It was the biggest upset in the history of the NCAA Basketball Tournament, the only time a No. 1 seed was knocked off by a No. 16. And without the huge performance from Allison Feaster of Harvard, it never could have happened.
By her senior year of high school Allison Feaster-Strong had assembled some impeccable basketball credentials. She had become the career leader in points in the state of South Carolina and earned the designation as the best basketball player in the state. She had been a six-year starter (yes... she started for the high school varsity team beginning in sixth grade) and, not surprisingly, she had been offered full scholarships to Duke and Rice among others.
Had she been choosing colleges based primarily on basketball, Duke seemed to be a perfect fit. Her sister was a student there, and the basketball team was on the cusp of being the dominant women's program that it has since become. But Feaster-Strong, valedictorian of her class, feared that her college experience would be narrowed by virtue of being a scholarship athlete.
"One of the main reasons I chose to attend an Ivy League school was to avoid the "business" of college athletics. I wanted an anonymous university experience where students aren't segregated into subcategories," she explains.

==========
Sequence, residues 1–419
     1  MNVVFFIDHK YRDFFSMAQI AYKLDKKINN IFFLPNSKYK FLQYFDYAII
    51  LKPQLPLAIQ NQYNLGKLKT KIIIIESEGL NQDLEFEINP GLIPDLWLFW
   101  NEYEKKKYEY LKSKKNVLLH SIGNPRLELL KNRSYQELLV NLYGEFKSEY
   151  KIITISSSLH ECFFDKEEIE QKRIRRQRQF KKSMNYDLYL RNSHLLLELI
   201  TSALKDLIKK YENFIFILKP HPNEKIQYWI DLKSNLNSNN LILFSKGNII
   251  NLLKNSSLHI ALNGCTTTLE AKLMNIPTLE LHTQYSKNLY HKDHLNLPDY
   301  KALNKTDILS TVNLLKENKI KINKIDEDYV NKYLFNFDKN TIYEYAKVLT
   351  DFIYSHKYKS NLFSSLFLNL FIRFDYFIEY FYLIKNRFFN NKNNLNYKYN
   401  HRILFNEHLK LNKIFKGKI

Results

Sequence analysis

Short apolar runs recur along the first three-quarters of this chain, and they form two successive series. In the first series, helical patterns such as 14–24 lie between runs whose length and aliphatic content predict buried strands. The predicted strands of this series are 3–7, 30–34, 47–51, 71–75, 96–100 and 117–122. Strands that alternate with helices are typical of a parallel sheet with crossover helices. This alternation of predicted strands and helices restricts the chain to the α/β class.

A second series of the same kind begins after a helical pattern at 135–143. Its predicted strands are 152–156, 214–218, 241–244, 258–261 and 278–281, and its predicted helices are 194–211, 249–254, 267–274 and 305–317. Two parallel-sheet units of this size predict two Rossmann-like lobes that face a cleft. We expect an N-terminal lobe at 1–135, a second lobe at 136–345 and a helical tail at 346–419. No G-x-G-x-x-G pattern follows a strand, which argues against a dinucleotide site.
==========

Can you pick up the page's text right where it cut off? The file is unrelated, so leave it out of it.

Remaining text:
In addition to Duke and Rice, she considered Dartmouth and Yale as well. In what was clearly a deliberated decision — she didn't accept her offer of admission until the last possible day — she said no to her full rides, and yes to Harvard. In doing so, she also completed some unfinished business for her mother.
"My mother used to say that she would have attended Harvard if she did not have to forgo college due to an unexpected pregnancy. She wanted us to strive for the best in all things... this meant choosing Harvard. Simply stated, I believed Harvard was the best academic institution. Coming from Chester, S.C., Cambridge was an entirely different world. I wanted that experience. Basketball was not a huge factor in my decision. However, I was impressed by Kathy Delaney-Smith and the players that I met on my visit."
To pay for her education she worked in the Harvard mail room and took out loans, trusting that the career opportunities afforded by a Harvard education would, one day, give her the means to repay them. When Feaster-Strong matriculated she became the first student from her high school, Chester High, to attend Harvard. That was to be only the first time she would make history with the Crimson.